You'll discover underfunded projects, or projects that never seemed to build the audience they thought they'd have...

Being a steem developer today, especially an self-funded one, isn't easy. It is a lot of constant learning, but it is worth it!

  • So all of those past developers who have already given up --- or all those new developers that might get frustrated when learning their way for the first time..

  • Don't give up! It's worth it in the long run. :) Eventually you'll grow the audience and support you need if you keep at it.

If you are wondering what I'm currently working on:

  • DanEvent for top 10 questions answered by Dan Larimer
  • A multiuser steem game with Python and Flask (TBA)
  • intelliwitness - a non-top 50 steem blockchain witness node that could really use 1/30 of your votes :)

(I am running a steem witness node named @intelliwitness to not only learn more about the steem blockchain, but to aid me in my development efforts too)

I'll keep you informed as I progress. :)

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Off and on, I've tried to write bots and such for the blockchain, but have never gotten far. IIRC, the stumbling block on my last attempt was signing a transaction. I am using a language where there's not one of these ready-made Steem libraries to handle that for me, so I was trying to figure out how to do it "by hand," but I just don't know much about cryptography and got stuck somewhere. If you would happen to know of any resources which spells that part of it out in slow, easy-to-understand concepts for us crypto-n00bs, please share. seems to have a broken SSL cert.


Which language are you using? ...I mis-typed the URL. It is fixed.

· seems to be a great resource. What are you thoughts on what is there?


Oh, it's nice to have it well organized for sure. What I'd especially like is some simple applications that are open source, out of the box, that invite people to use "as is", or feel free to modify as they need. That would be a really nice compliment to the existing documentation.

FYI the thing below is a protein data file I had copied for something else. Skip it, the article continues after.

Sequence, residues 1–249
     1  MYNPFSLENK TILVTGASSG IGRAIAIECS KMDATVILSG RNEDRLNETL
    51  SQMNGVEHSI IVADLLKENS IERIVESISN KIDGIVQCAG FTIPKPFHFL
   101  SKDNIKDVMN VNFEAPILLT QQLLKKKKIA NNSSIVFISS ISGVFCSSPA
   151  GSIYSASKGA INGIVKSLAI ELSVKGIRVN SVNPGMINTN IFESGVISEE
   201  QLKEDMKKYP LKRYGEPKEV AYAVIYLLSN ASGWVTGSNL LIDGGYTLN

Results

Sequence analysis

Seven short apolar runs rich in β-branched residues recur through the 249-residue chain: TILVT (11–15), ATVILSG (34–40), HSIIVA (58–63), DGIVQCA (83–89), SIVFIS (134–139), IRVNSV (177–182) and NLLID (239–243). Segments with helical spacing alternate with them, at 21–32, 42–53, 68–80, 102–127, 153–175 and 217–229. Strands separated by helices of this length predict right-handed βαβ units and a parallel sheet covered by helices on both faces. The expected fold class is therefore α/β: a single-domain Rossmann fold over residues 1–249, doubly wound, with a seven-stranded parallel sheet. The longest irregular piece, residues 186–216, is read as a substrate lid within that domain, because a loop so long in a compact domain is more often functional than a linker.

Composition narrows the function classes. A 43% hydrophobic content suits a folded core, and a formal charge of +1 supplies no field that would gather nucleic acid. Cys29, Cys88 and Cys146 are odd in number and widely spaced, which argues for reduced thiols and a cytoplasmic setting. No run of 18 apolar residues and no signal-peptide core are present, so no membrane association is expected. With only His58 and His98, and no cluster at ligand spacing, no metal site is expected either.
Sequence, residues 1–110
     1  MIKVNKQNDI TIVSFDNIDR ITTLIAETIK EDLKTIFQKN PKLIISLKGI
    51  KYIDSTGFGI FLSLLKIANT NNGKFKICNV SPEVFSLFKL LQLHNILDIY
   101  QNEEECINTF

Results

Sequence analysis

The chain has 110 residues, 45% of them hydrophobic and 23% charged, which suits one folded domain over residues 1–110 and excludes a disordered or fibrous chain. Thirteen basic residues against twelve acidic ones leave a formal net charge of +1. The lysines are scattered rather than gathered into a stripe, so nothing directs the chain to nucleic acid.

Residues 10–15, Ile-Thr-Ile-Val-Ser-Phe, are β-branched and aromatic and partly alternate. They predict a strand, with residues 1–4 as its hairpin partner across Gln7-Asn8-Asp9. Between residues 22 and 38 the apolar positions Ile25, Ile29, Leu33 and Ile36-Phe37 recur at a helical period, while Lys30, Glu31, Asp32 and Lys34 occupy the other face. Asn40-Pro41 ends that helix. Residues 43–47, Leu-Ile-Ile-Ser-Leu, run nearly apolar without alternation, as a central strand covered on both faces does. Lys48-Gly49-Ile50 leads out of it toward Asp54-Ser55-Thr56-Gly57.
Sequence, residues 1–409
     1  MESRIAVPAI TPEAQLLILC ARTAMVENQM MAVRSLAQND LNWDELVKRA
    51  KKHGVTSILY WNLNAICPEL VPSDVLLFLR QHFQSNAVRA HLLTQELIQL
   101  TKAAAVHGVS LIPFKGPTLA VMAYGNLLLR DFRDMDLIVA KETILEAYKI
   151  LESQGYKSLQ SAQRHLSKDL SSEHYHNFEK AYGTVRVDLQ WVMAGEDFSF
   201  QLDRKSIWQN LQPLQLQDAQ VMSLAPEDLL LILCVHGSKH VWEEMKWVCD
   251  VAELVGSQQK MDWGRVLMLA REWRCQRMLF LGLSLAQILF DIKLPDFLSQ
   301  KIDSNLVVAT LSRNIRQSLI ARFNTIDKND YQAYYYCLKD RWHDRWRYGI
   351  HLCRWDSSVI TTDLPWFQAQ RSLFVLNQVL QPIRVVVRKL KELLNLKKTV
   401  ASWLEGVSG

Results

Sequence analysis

They have added a lot of tutorials and recipes to the portal. Have you looked at those?


Swift. My language of choice.

I could probably have done all the stuff I want to do if I chose to use JavaScript or Python instead, since those languages have ready-made libraries. I don't hate Python, but it will never be one of my favorite languages. JavaScript, on the other hand, can die in a fire.


LOL. Programmers are one of the most passionate people I've ever met. :) I hate Javascript myself. I've used it, but its just awful to depend on the client side CPU to do calculations.

The last code I wrote was for a Commodore 64 when I was a child. I can't imagine trying to wrap my head around all this now!


I have a sweet spot in my heart for the Commodore 64. When I write that blog article, I'll send you a little comment so you can come see it. :)

My brother made himself a bot and I have wanted to work on something just to know how it is done for the blockchain and what there is etc. This can help out and I might look into something soon. Thanks mate.

Have not heard a peep * from you good sir in a year bro' and wondering how you are? I am sorry I could only push this post Up a penny but got ya to tha $olid $7.00 mark with that! How are you man?
”˜˜”°•.✫ B★E★A★U★T★I★F★U★L ✫¸.•°”˜˜”*°•.♥


Had some family troubles. Scroll my blog to see what was up.

I read the full article and my confusion starts from when i saw the line "can be confusiing if you read on"